Why not try quince meringue?

We talk about all sorts of things at our book club, and someone just mentioned quinces and how she had never cooked with them before and how delicious they were. I haven’t had any this year, but in the past I’ve used them in pies and crumbles and made failed attempts to produce wine – I could have said fruitless!!

In the October suggested menu in my Modern Practical Cookery, authors unknown, published in the early 1930’s but no doubt with recipes from earlier, there is apple meringue for dessert. I thought how seasonal it would be to use quinces instead of apple!

The recipe’s instruction say to peel, core and quarter the fruit before cooking – however, quinces are so hard, I always wash and then cook them whole, so that is what I suggest. The amount of sugar will always vary according to how sweet the fruit is, and to taste; quinces are quite tart, so the amount of sugar is only a guide.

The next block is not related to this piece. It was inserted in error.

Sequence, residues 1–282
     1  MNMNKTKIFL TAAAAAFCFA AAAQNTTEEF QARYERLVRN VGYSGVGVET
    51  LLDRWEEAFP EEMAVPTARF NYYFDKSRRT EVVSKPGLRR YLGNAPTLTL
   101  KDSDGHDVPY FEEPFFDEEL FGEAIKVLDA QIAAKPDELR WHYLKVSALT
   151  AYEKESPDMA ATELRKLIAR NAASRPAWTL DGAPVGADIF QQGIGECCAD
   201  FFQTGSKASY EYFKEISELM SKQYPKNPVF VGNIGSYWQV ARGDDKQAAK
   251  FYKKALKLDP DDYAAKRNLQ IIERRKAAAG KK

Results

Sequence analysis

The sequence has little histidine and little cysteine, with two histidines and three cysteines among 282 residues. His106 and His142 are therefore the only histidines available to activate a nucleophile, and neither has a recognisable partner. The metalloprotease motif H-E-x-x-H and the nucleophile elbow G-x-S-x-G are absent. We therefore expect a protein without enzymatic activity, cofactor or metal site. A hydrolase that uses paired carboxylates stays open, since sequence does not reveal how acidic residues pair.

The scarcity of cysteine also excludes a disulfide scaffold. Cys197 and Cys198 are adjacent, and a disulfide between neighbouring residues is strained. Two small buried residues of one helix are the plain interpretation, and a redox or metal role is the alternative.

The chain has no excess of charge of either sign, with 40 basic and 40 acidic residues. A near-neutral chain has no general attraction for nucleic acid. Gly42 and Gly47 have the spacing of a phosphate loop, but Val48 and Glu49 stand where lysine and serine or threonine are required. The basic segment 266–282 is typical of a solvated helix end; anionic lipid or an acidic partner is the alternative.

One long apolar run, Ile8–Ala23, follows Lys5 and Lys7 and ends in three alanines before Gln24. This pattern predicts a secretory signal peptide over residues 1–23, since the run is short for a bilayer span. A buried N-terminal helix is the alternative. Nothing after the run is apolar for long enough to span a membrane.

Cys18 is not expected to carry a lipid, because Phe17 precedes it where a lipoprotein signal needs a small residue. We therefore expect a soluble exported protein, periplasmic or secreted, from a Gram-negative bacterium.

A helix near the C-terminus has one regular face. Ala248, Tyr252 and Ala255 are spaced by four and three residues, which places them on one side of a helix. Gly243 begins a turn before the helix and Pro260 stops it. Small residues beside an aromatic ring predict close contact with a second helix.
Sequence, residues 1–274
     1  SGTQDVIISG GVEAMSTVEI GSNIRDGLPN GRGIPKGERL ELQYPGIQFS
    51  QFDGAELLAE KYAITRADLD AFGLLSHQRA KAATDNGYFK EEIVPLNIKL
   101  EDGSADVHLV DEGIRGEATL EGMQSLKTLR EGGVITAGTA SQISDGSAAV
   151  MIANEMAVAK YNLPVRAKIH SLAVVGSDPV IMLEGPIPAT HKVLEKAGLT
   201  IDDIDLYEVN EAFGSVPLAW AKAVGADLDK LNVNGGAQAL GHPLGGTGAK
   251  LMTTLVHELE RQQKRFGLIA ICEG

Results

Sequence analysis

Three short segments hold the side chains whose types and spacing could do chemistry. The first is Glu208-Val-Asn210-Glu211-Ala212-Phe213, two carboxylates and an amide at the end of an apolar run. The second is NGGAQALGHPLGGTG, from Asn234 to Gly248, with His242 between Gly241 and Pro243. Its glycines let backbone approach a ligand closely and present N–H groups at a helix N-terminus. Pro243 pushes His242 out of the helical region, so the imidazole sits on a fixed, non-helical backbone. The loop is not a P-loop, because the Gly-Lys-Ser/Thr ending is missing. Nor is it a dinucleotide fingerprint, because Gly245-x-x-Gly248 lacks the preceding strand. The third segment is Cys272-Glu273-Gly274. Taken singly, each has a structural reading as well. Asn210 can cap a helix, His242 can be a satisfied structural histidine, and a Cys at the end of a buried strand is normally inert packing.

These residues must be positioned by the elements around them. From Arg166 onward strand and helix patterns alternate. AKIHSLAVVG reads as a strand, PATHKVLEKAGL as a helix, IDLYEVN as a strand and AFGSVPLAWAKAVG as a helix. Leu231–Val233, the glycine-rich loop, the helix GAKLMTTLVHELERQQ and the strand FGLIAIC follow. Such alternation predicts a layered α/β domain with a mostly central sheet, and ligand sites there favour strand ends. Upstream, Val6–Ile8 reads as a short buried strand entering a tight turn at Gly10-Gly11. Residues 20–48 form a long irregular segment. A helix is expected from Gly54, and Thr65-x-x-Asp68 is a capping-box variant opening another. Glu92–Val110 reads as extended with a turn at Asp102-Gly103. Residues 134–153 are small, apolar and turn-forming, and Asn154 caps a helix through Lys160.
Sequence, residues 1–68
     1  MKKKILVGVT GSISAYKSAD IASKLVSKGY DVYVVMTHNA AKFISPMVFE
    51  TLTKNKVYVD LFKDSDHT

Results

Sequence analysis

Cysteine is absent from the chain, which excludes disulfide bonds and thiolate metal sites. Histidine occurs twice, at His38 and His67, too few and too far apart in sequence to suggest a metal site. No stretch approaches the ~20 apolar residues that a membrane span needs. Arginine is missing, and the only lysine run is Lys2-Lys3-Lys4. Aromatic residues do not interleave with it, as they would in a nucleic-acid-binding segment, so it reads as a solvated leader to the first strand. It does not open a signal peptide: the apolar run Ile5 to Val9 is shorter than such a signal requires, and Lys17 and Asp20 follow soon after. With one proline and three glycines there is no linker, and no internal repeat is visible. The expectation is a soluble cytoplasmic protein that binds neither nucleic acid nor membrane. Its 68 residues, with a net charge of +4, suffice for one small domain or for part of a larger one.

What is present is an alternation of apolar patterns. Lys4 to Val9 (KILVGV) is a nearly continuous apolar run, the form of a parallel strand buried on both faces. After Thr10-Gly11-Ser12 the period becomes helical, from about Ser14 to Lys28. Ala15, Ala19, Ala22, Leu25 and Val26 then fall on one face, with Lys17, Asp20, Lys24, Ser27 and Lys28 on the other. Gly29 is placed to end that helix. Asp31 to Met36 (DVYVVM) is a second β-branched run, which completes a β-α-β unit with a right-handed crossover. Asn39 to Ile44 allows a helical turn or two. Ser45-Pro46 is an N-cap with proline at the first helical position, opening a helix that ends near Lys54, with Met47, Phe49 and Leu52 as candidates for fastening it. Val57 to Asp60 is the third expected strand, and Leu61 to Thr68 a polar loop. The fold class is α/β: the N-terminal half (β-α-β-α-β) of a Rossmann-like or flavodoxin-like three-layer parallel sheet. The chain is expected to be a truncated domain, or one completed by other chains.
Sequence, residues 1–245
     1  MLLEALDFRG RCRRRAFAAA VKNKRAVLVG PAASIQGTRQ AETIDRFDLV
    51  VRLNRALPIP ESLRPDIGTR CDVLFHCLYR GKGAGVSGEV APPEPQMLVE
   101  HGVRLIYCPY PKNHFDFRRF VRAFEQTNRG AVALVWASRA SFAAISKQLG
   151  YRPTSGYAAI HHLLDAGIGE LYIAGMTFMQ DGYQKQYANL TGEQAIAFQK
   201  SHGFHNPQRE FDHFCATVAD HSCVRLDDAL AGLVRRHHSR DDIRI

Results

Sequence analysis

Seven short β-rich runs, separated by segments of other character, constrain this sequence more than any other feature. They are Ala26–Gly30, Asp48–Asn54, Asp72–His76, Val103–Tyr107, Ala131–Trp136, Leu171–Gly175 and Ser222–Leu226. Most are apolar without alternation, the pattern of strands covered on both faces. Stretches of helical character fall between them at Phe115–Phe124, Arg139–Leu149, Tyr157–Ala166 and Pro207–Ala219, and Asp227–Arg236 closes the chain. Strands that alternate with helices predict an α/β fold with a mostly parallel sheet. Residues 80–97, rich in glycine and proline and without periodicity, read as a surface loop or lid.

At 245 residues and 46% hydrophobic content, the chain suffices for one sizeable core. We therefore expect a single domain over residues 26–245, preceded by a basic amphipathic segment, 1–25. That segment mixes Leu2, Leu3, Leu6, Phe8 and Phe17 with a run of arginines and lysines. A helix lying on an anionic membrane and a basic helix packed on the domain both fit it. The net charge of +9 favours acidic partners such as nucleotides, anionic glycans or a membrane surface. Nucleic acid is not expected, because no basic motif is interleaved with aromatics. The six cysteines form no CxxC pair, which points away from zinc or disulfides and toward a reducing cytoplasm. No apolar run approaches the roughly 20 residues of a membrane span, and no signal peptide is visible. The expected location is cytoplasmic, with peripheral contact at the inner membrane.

Quince meringue

  • 2 lbs of cooked, sieved quince, sweetened to taste
  • 3 eggs, separated – yolks beaten, whites whisked with 3 tbsp castor sugar
  • zest of lemon
  • 2 oz glacé, preserved or stem ginger, chopped small
  • 1 oz butter
  • glacé cherries, angelica to decorate (or anything of your millennial choice!)
  1. add the butter, ginger and zest to the warm fruit, stir to mix
  2. stir in the beaten egg yolks and mix really well
  3. put the fruit mixture into an ovenproof dish and pipe on the whipped egg whites
  4. bake for about 15 mins, 180° C, gas mark 4, 350° F

The suggested accompaniment is cream… but would ice-cream be rather nice? Something fancy maybe? I think so!

So pretty!

5 Comments

Leave a Reply

Fill in your details below or click an icon to log in:

WordPress.com Logo

You are commenting using your WordPress.com account. Log Out /  Change )

Google+ photo

You are commenting using your Google+ account. Log Out /  Change )

Twitter picture

You are commenting using your Twitter account. Log Out /  Change )

Facebook photo

You are commenting using your Facebook account. Log Out /  Change )

Connecting to %s

This site uses Akismet to reduce spam. Learn how your comment data is processed.